Friday, March 11, 2011


"It is good to have an end to journey towards,
but it is the journey that matters in the end."

~ Ursula K. Le Guin

Life can be a rat race.
However having an alarming aversion to rats, I prefer to call it a hamster race. We can feel like that little hamster that is running in circles on that wheel. We run, we run faster, we get out of breath, we get off for a little while…but eventually we are back on, running in circles once again.

We want so badly to get that promotion, that degree, or that quaint house on Wisteria lane that we focus so intently on reaching that goal, we can lose sight of our journey. Frequently plagued by the stress and anxiety intrinsic to the hamster race, we often wish to accelerate our life just to get there, whatever there might be.

But, wise philosophers, therapists, Zen masters, and every self help book on the shelf, tell us that we need to slow down and be in the moment to enjoy the present. In other words, life is not simply a means to an end….the journey matters.

In architecture, a staircase is all about journey. It is an architectural element enabling us to get from one level to another. While it serves this purpose, it can also be a rich opportunity to offer us volume, dimension, and an entirely new vantage point. Rather than solely providing a utilitarian and practical function, a staircase can be aesthetically transformed into an interactive sculpture that encourages a dynamic change in perspective.

A staircase embodies dramatic architectural possibility.

The first step is to make the steps comfortable. When stairs are too steep (high riser) or the tread too short (where you can barely place your foot on it without feeling clumsy), there is an awkwardness, and we feel out of breath as we climb our way to the top. Stairs can also feel confining and claustrophobic, making us feel uneasy and unsettled. The other day, I was in a medical building, and rather than take the elevator to the second level, I decided to take the stairs. It turns out that the staircase was actually a stairwell. I opened the door and stepped in, and instantly got this nervous go-as-fast-as-you-can feeling, and hurry-and-get-the-heck-out-of-here vibe. Checking over my shoulder certain that there would be a creepy stalker, I took the stairs two at a time…Clearly I was not enjoying the journey!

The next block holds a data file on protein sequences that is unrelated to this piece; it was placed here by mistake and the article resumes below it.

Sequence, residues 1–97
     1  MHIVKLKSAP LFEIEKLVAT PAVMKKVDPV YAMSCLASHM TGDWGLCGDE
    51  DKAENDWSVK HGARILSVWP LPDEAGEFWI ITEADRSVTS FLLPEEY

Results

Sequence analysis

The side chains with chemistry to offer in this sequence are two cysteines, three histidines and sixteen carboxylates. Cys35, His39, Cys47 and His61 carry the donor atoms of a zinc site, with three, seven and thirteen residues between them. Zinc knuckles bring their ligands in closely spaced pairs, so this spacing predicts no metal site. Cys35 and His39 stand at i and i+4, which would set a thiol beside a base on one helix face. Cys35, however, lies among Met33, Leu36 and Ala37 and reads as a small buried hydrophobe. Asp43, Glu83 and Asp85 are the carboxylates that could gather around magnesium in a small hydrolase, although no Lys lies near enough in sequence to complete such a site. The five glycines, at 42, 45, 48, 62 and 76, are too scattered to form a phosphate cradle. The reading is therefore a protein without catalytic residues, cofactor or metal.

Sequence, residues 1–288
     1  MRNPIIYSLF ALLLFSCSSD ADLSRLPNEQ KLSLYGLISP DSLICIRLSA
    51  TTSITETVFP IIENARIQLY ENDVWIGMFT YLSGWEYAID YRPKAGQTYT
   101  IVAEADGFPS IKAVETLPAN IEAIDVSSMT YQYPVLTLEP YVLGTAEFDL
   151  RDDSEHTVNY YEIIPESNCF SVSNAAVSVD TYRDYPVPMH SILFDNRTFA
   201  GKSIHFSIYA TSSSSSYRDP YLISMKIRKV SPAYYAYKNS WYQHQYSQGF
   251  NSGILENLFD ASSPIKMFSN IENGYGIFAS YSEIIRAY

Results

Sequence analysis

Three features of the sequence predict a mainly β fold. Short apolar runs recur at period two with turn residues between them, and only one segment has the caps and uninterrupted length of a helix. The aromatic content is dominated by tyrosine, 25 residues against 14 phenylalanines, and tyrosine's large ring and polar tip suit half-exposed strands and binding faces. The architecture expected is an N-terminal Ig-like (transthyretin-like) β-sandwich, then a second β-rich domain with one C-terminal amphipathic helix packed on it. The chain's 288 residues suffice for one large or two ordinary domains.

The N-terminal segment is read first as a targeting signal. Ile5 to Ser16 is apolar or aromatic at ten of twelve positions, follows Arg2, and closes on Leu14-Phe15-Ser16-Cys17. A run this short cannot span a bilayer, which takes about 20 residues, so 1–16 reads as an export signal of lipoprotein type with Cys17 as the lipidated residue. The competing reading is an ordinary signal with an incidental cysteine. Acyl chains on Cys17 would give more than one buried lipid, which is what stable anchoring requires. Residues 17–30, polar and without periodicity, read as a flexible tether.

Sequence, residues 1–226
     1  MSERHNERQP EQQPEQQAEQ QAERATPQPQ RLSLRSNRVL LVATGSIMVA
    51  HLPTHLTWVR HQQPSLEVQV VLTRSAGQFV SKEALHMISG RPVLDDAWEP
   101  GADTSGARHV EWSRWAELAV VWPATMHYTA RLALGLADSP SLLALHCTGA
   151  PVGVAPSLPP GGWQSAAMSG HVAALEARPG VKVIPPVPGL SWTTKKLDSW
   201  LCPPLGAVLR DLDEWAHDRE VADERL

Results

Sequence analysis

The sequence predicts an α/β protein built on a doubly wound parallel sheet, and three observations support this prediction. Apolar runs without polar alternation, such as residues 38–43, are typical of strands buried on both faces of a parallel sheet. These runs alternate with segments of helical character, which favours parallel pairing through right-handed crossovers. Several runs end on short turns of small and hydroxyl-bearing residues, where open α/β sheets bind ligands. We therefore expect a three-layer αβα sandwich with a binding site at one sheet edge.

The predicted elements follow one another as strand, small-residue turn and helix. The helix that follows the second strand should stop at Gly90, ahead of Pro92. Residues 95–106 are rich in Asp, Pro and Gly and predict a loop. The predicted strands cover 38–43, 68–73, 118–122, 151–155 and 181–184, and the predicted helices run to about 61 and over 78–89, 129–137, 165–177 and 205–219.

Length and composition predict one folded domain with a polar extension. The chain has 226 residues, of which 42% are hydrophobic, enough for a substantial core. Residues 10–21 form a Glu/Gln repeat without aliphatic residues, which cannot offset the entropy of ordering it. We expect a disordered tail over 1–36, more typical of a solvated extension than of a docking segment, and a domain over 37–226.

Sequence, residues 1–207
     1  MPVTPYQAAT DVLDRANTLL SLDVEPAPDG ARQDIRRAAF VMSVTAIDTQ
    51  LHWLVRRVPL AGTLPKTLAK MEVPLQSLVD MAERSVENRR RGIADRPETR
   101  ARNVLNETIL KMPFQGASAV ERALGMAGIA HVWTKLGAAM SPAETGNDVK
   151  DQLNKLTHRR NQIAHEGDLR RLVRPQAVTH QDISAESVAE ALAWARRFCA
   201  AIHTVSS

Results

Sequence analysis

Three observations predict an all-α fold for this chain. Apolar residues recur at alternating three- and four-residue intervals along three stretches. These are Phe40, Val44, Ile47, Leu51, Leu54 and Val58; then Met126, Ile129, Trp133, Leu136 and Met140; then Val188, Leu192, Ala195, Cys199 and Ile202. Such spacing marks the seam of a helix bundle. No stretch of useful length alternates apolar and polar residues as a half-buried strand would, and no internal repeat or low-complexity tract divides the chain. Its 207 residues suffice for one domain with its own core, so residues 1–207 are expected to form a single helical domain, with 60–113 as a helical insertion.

The second step is to bring sculptural form that is not only striking to look at, but beautiful to experience. As we ascend the stairs, do we get the sense that we are perched above, hovering between floors? Does the shape of the staircase feel dynamic and energetic? Is there a gracefulness reminiscent of flight?

The aesthetic power of a staircase can be captivating. With its quiet drama, it can profoundly elevate our experience, making our journey matter.

No comments:

Post a Comment